Control room operators, like many of us, spend a great deal of time sitting. It is likely the most comfortable position for monitoring the pipeline, that is, unless you experience low back pain. Sitting for prolonged periods of time can cause excess pressure on the lower lumbar region of the back which can lead to a number of health-related issues.
Many people also experience pain in their neck and upper back as a result of sitting too long. This is an area where muscle tension and stress can build quickly. Upper and lower back tension is often compounded by poor posture and weak muscles.
A sedentary lifestyle also contributes to fatigue. Sure, you probably feel tired after hours of physical labor, but have you noticed that mental fatigue is a problem too? One reason this happens is that your brain requires a high amount of the body’s energy, and accounts for 20 percent of the oxygen consumed. Monitoring the pipeline requires a tremendous amount of brain energy. When you consider the ill effects of mental fatigue combined with stress on the back from prolonged sitting, it is easy to see why a simple solution is so valuable.
One solution is to practice the 30-30 rule. It works like this, for every 30 minutes of work, spend 30 seconds standing and stretching. This can easily be accomplished while continuing to monitor the pipeline. I recently met with a group of Controllers for Team Training. One person in the group was designated to be our timekeeper for the 30-30 rule. Every 30 minutes when the alarm sounded, we stood for 30 seconds while continuing the training. It helped everyone stay alert and engaged throughout the day. At Pipeline Performance Group, our favorite way to mitigate fatigue on the job is with Alertness Exercises. The eight exercises and stretches we posted on laminated cards address all major muscle groups. All exercises and stretches can be done at the desk while continuing to monitor the pipeline.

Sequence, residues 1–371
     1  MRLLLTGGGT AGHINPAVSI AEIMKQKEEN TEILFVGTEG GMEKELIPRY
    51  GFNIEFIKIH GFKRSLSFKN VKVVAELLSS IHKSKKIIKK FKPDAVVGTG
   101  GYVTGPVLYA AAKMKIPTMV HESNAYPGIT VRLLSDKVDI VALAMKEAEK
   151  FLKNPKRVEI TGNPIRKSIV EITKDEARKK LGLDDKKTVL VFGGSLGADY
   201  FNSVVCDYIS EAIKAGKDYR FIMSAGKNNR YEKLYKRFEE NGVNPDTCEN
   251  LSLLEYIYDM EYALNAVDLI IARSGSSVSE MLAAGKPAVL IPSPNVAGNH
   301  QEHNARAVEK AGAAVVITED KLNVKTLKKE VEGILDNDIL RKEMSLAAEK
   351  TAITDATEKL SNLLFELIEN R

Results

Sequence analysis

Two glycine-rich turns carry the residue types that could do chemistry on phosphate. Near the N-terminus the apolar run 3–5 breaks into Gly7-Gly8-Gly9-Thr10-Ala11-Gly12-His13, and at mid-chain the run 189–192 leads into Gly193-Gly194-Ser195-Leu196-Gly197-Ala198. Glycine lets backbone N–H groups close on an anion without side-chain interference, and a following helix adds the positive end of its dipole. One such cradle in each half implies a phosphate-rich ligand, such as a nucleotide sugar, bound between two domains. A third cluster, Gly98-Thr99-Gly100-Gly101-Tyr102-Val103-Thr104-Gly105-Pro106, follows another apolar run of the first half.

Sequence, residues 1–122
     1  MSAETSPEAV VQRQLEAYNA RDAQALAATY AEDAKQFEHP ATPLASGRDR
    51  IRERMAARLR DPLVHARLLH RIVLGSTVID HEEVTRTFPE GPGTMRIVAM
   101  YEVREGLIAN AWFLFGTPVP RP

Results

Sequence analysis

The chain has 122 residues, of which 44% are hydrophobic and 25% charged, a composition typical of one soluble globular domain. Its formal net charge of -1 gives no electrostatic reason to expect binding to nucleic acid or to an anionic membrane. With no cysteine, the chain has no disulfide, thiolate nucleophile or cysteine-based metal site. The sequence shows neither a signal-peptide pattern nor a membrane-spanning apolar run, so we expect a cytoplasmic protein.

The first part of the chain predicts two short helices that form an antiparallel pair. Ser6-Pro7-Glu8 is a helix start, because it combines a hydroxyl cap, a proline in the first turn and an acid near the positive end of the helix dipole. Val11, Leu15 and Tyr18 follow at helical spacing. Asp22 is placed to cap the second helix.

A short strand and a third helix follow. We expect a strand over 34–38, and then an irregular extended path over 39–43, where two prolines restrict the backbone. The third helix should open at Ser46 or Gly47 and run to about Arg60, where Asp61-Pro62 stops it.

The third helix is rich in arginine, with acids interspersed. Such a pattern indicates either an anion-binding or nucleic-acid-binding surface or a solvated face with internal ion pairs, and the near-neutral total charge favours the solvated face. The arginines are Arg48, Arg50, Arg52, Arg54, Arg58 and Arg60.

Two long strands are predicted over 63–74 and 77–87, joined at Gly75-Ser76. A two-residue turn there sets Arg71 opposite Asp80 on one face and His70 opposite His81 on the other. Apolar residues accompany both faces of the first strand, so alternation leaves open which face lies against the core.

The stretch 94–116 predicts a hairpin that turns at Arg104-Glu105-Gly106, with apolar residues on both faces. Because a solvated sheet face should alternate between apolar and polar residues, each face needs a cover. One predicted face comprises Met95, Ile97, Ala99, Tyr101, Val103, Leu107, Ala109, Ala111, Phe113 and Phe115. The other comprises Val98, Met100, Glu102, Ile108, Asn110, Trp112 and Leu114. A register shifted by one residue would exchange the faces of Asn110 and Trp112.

To relieve pressure from your back and shoulders, try the shoulder stretch. When your back is rounded, with arms extended, space is created between the vertebrae allowing blood and oxygen to refresh your spine. The leg extension opens the hips, relieving tension from hip flexor muscles and building strength in the lower back.
Refresh your upper body with shoulder circles and a side stretch. Working at a monitor, driving, eating, and most other daily activities, involve sitting with arms forward, chest closed. For a surge of oxygen and relief from cramped muscles, try the chest stretch. It moves your body in the opposite direction of work-related movement. The shoulder blade squeeze not only opens the chest and front of shoulders, but also causes flexion across the upper back and back of shoulders. Practicing this exercise regularly will build strength and improve posture.
Try a combination of the 30-30 rule and Alertness Exercises to relieve the effects of long hours at the desk. If you don’t have an Alertness Exercise card, email us at firstname.lastname@example.org and request a copy. Get moving!
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